Aye Write Festival and Puppet Delights

The Mask and Puppet Centre

And finally (the Literary Death Match is still to come, and I’m still mulling over Thursday night’s debate on Scottish Independence), the Aye Write Festival and PUPPET MADNESS – last Saturday was a real cornucopia of delights. On the train to Glasgow, Sil and I bored my partner to death by talking about the difficulties of balancing writing with other aspects of life, and we were serenaded by the delicious Zawadi Choir, who were on their way to a concert.

At The Mitchell there was a real buzz, and amidst the crowd we spotted our old tutor, Sam Kelly, a veritable ball of hyper enthusiasm, who regaled us with tales of Chicago and Irish Bars. We all piled into the Marina Warner event, chaired by Stuart Kelly. Warner talked about ‘Stranger Magic’, her book which explores the Arabian Nights and the power of storytelling. She touched on the importance of the humanities, and ended by saying she wasn’t convinced by Jung’s collective unconscious because archetypes are so inflexible. Storytelling demonstrates the malleability of archetypes (and no one did this better than Angela Carter, particularly in ‘Nights at the Circus’, ‘The Passion of New Eve’, and of course, ‘The Bloody Chamber’).

After the Warner event, we met up with more friends and went in search of puppets. Around our flat we have dolls, doll heads, anatomy figures, and puppets, so I was in heaven when we entered the exhibition at the Mitchell. After such puppety delights, we adventured further afield for more puppet madness at the Mask and Puppet Centre.

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Anyone who knows anything about Carter will know she was intrigued by simulacra (“Fascinated by pretenders, shams, copies, and twins” – Susanna Clapp), and dolls and marionettes feature regularly in her writing. So, this puppet madness prefigured the Carter event perfectly. Bidisha expertly chaired the event, and Susanna Clapp and Marina Warner regaled us with anecdotes about Carter. Warner told us that when faced with a debate about the usefulness of literary theory, Carter’s response was “Theory is fun” (which reminds me of Sam Kelly, who perversely read Derrida’s ‘Pharmakon’ several times “for fun”). The wonderful thing about Carter is that, if theory wasn’t already fun (!), she certainly made it so. ‘The Passion of New Eve’ is dripping with theory (pre-dating Butler’s ‘Gender Trouble’, as she plays with malleable archetypes) but she pulls it off brilliantly.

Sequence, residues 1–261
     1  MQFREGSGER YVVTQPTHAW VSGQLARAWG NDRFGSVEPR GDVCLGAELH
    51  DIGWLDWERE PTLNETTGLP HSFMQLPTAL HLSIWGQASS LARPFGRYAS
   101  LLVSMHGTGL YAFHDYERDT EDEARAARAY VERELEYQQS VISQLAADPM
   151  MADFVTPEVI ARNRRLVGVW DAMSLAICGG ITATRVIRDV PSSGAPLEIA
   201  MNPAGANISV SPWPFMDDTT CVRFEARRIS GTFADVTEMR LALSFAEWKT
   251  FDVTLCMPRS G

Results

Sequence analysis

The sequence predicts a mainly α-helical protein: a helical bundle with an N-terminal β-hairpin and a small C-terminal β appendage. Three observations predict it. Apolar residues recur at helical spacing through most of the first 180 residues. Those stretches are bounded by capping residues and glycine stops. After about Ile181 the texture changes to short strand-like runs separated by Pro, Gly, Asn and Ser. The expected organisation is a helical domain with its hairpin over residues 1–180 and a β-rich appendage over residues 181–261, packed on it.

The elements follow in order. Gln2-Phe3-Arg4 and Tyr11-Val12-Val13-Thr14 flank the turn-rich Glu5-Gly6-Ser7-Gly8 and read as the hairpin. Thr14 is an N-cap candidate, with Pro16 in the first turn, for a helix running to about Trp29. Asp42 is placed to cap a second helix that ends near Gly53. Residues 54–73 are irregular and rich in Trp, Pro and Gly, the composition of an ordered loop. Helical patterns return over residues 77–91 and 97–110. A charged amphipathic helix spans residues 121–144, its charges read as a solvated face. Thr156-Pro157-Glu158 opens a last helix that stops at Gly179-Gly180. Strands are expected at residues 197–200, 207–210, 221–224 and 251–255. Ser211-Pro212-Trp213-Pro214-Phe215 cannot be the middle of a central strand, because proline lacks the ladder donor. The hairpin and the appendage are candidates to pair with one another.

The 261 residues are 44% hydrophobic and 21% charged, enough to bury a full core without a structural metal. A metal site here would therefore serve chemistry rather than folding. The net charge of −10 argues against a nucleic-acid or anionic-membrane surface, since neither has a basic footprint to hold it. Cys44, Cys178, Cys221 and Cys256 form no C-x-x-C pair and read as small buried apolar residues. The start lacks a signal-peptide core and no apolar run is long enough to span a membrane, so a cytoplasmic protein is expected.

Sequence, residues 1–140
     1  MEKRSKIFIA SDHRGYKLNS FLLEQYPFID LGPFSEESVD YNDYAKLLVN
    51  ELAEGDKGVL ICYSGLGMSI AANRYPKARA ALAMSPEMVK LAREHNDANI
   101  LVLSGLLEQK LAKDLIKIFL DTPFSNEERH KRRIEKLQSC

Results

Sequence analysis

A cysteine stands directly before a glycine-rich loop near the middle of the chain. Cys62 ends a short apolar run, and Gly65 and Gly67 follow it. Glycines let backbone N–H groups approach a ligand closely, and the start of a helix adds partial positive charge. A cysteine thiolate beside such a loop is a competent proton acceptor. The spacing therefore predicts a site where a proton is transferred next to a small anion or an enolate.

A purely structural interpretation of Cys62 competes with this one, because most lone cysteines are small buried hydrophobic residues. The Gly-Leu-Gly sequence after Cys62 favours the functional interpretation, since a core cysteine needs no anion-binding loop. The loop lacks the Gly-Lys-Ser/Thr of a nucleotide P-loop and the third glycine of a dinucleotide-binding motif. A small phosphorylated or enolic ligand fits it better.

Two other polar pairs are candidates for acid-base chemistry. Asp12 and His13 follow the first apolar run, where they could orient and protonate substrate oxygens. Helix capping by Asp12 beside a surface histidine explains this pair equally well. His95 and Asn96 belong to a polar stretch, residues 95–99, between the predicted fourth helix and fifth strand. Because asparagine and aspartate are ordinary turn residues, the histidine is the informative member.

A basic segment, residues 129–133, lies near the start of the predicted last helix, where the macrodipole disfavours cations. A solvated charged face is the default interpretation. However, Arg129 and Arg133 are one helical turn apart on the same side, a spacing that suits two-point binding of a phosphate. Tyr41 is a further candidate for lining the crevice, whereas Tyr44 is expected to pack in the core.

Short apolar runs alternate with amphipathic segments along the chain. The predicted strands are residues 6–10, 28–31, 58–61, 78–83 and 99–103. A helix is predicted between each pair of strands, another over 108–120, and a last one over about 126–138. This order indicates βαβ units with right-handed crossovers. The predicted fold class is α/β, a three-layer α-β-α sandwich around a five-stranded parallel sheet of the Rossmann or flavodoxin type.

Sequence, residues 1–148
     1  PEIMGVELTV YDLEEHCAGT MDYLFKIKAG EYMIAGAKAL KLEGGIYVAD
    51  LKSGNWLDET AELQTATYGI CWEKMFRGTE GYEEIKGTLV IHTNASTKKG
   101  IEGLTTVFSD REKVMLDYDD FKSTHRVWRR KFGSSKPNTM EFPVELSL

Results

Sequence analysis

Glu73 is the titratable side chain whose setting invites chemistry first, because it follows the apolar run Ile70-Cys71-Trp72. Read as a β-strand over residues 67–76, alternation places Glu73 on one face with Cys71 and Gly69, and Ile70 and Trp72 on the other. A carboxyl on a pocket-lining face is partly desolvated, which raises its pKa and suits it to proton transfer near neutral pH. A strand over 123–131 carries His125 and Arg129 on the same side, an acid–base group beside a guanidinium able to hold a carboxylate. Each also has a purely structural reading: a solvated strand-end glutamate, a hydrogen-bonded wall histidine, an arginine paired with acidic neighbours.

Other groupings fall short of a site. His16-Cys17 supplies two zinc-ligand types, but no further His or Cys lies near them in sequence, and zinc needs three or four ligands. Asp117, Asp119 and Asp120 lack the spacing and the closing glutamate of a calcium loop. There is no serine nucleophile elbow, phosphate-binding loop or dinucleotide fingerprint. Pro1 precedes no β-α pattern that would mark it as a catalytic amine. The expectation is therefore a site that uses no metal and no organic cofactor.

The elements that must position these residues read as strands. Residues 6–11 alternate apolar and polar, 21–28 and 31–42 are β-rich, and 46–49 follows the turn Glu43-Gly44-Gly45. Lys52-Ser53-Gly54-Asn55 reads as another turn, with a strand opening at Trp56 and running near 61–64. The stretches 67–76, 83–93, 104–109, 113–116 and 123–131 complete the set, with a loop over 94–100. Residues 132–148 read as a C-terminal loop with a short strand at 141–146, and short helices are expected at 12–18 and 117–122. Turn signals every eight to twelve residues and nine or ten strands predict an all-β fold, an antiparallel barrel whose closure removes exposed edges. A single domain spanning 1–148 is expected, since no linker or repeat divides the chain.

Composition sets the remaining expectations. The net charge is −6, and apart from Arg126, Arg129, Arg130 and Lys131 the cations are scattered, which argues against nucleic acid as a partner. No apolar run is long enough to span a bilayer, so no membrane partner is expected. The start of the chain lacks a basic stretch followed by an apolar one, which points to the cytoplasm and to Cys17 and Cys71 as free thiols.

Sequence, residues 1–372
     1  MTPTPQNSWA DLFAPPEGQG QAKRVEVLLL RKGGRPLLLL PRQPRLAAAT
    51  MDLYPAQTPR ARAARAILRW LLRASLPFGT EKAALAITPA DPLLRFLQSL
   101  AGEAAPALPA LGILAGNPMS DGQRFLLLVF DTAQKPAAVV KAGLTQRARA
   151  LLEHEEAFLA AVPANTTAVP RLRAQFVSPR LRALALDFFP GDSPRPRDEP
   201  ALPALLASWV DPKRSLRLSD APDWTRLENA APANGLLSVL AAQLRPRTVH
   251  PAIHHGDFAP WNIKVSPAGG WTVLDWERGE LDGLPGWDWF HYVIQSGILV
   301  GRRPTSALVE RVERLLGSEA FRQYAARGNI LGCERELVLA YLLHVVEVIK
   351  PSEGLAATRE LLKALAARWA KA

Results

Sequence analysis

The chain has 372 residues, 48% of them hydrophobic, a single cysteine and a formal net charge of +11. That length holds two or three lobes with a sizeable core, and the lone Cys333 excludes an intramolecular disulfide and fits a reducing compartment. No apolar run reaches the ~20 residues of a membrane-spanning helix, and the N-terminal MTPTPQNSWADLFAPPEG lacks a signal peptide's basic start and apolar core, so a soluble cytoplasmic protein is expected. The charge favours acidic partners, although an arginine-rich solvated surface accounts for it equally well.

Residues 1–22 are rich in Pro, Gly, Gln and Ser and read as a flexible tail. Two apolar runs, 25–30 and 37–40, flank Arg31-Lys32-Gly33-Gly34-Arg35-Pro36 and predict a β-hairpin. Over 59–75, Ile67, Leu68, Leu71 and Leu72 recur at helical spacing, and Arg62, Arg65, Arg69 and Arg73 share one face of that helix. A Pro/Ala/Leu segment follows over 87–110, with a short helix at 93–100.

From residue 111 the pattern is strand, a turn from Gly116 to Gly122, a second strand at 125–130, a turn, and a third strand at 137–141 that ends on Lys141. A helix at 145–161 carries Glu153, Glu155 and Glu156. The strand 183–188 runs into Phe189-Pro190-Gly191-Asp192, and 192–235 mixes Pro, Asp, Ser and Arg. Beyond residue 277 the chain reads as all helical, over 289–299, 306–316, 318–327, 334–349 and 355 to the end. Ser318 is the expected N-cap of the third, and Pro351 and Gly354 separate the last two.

I mentioned ‘New Eve’ to the panel, interested in what they thought of it, as it often loses out to Carter’s more popular novels, and Susanna Clapp agreed when I said it is “deliciously over the top.” Clapp said that when faced with a fellow author’s work of realism, Carter complained “There must be more to life than this.” In riposte, critic Francis Wyndham, when faced with one of Carter’s novels, said: “There must be less to life than this.”

The discussion ended on some pretty depressing statistics when a member of the audience asked about the difficulties faced by women writers. Bidisha informed us that approximately 20% of books reviewed last year were written by women. She castigated the language used when women were reviewed, and pointed out that there are very few female reviewers (for more on this: Voices Unheard, 2011 statistics, BookBrowse commentary). However, Bidisha wanted to end on a celebratory note, and praised the success of Mslexia and the Orange Prize, before summing up the virtues of Carter which brought about furious applause.

Carter fangeeks


So, April. Dear, sweet, April. April is the month I disappear into my cave.* April is the month the gremlin will have to find something else to chew on. April is the month I spend every waking hour with Goblin and Devil and Monsta. And I’m excited!

(*I’m also gonna stay away from the internet, but if I go insane, I’ll tweet it.)